Non-metric multidimensional scaling (NMDS) was run on the Hellinger-transformed OTU table. Ordinations were run separately for the total community, the three growth forms, and the two main lifestyles with the following specifications: distance measure = Bray–Curtis, dimensions = 2, initial configurations = 100, model = global, maximum number of iterations = 200, and convergence ratio for stress = 0.999999. We used the envfit function to fit edaphic physicochemical parameters listed above onto the NMDS ordinations. In addition, we tested whether fungal communities were significantly (p < 0.01) different among different localities and among the two different environments using the multi-response permutation procedure (MRPP).
Permutational multivariate analysis of variance (PerMANOVA) [43] was carried out on Bray–Curtis distance matrices of Hellinger-transformed OTU tables with 9999 permutations, with the adonis function, in order to determine the effect of each soil physicochemical parameter on the observed variance of the total community, the dominant phyla, the growth forms, and the lifestyles. Finally, to account for correlations among environmental variables, we performed a forward selection of parameters based on the previous results, including only significant environmental variables (p < 0.05) in the final models.

3. Results

3.1. Taxonomic Characterization

The dataset obtained consisted of 860 OTUs with at least 70% identity with known fungal species hypotheses (SH). Out of 860 OTUs, 329 were present in only one of the samples and only seven in at least 50% of the samples. A total of 568 OTUs (66% of the total) were found only in samples from CS, 138 (16% of the total) only in samples from TVS, and 154 (17.9% of the total) in samples from both the environments. We found no significant (p < 0.05) difference in the richness between the two environments (Figure 2a), but TVS samples exhibited a significantly (p < 0.05) higher evenness than CS ones (Figure S1a).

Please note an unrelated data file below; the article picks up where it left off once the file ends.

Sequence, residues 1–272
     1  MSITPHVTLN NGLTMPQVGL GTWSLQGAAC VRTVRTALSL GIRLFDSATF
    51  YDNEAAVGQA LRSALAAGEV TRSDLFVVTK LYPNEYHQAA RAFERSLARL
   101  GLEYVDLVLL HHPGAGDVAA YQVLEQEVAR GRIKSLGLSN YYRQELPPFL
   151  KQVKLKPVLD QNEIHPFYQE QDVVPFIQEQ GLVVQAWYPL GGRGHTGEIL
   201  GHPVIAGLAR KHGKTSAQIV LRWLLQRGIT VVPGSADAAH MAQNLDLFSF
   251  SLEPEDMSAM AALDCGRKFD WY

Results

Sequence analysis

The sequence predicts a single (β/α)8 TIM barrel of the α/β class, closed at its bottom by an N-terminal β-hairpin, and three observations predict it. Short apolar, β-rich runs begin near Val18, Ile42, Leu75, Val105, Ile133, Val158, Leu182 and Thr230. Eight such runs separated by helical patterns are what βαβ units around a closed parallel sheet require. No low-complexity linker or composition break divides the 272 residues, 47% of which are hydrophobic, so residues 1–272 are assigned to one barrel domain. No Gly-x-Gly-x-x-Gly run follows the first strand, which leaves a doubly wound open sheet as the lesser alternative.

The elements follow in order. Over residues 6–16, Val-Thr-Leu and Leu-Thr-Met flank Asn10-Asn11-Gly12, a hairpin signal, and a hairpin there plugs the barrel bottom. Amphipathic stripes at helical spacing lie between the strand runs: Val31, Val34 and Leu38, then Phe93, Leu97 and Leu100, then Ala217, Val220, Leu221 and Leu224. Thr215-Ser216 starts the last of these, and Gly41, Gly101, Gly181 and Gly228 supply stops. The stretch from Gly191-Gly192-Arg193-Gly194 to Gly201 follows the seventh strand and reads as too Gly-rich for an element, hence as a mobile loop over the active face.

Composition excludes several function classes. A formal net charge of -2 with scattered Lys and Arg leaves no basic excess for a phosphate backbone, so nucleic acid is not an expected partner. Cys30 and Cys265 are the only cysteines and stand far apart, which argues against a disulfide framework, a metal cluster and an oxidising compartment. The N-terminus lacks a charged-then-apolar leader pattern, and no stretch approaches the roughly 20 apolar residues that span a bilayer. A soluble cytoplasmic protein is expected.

At phylum level, 190 OTUs (22.1% of the total) matched any reference sequences (Figure 3a), representing more than 50% of all reads in eight samples out of 62. Ascomycota (418 OTUs in total) was the most abundant phylum in almost all samples, with a mean abundance of 59.28 ± 28.36% reads per sample and representing 47.7% and 62.1% of total reads for TVS and CS, respectively (Figure 3a). This phylum exhibited a significantly (p < 0.05) higher richness in CS compared to TVS, although the abundance showed no significant differences (Figure 4a, Figure S2a). Basidiomycota (146 OTUs) was the second most abundant phylum (12.66 ±1 2.94% of total reads per sample). It represented a mean of 5.59 and 14.35% of reads for TVS and CS, respectively (Figure 3a) and exhibited a significant (p < 0.05) difference of abundances between the two environments, but not of the richness (Figure 4b, Figure S2b). Other minor phyla were Chytridiomycota (6.57 ± 14.55% of total reads per sample) and Mortierellomycota (3.76 ± 10.25% of total reads per sample), represented by 57 and 20 OTUs, respectively. The former represented a mean of 17.67% and 3.90% of reads for TVS and CS, respectively, with abundances significantly different and a higher richness in TVS samples (Figure 3a and Figure 4c and Figure S2c). On the other hand, Mortierellomycota represented a mean of 1.70 and 4.25% reads for TVS and CS, respectively, but neither abundance nor richness were significantly different between the two environments (Figure 3a and Figure 4d and Figure S2d).